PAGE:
= The Prologue… =
It was a beautiful, sunny day in majestic Sedona. Sitting at my desk, I was completely unaware of that fact, along with anything having to do with the food I was shoveling into my mouth. I was very hungry (time management can be an issue for me when it comes to appointments) and I had only twenty minutes to eat and prep the room for the next client.
About 2/3 of the way through the meal, I realized I wasn’t even breathing…or rather, I was completely unaware of my breath and that struck me as deeply wrong.
Something shifted and I put down the food and really looked at it. Then I took stock of how my body FELT at that very moment. My stomach actually didn’t feel very good. It wasn’t because of the meal, I was eating a very healthy, organic salad and fresh green juice, it was simply because of my state of mind and a total lack of awareness. When I actually took a breath, and looked deeper into what I was feeling, I noticed that I was feeling stressed, mostly due to the lack of time. With only a few moments left, I put the rest of the meal away and calmly prepared for my next client.
This experience was a reminder to me about the importance of awareness when taking a meal. I have be fortunate to have had some wonderful reminders of this in the form of trainings where we were required to be completely aware of our food, chew each bite 32 times, take a breath between each bite, etc. Some of these practices have come from the ashram experience and some from the Buddhist teachings of Thich Nat Han. Each technique is unique and focused on a different aspect of the meal experience, however, I was left wanting more. I really wanted to connect to my food and go deeper. Fortunately, not too long after my accelerated lunch, I had a chance to do just that.
= Dinner =
One evening my beloved prepared a homemade pot of red-lentil soup. I was late arriving home from the clinic and was famished. My first awareness of the soup was actually outside of the house. I could smell a complex aroma coming from an open window! What astounded me was not that the soup smelled good (Arin is a wonderful cook), but the reaction that my body had to simply the smell. My mouth immediately began watering and I could feel my stomach producing enzymes and chemicals that increased my appetite. Once inside the door, the sensory exposure increased tenfold.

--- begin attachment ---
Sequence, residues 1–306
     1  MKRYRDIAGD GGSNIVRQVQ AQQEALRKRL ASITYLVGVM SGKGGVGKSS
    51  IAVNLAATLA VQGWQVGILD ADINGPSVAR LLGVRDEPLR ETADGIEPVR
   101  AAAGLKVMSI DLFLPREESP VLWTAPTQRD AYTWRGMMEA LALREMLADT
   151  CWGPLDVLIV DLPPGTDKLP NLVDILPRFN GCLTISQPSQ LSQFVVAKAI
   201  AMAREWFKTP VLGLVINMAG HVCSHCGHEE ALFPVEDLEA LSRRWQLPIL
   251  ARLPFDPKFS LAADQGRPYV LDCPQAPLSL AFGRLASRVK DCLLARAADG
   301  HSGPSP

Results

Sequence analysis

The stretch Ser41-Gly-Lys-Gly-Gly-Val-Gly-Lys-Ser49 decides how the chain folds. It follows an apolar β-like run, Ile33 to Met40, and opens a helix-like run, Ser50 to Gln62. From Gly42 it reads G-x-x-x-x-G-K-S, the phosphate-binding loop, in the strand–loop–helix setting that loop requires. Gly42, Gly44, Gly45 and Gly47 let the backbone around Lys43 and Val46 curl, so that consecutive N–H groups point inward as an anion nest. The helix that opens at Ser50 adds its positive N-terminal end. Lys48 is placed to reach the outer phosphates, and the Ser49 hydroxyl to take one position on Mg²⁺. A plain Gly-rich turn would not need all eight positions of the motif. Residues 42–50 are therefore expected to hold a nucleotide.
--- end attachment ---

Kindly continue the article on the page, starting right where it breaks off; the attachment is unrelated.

There was a bowl waiting for me at the table. The square, green-glazed bowl’s earth tones accented the vibrant tones of the vegetables perfectly. The steam and pools of essence from the freshly cooked soup roiled as I stirred it, causing my stomach to jump.
Looking at this beautiful meal in front of me, I became aware of everything that had to come together to make this one moment possible. I was immediately overwhelmed with a sense of gratitude for the bounty of the Earth and the loving hands that brought it together. This gratitude had the effect of opening my heart to the nutrients of the food as well as the grace / spirit of the Earth and plants. It was inspiring. I wanted to be able to share or “inspire” this same sort of awareness for others and once I finished the meal, immediately wrote down my thoughts. These thoughts have become the process outlined below that I like to call “The Practice of Sacred Eating.” Enjoy and as the effervescent Julia Child would say, “Bon Appetit!”
= The Practice of Sacred Eating =
We all love to eat. Taking in food keeps us alive and if it’s a pleasant experience, all the better.
It’s becoming increasingly apparent that not only are our meals important to our overall health and wellness, but they are also crucial to our mental state during and after the time that we are eating. (Click on the quote below to read my blog entry on the importance of digestion and consciousness)
The Practice of Sacred Eating is performed over and above any prayers or blessings you may perform and is conducted in a completely silent manner with no outside distractions. Please note that you can modify this practice to fit into your daily meal time habits.
The overall attitude and energy that you should embody during this practice is: Slow Down.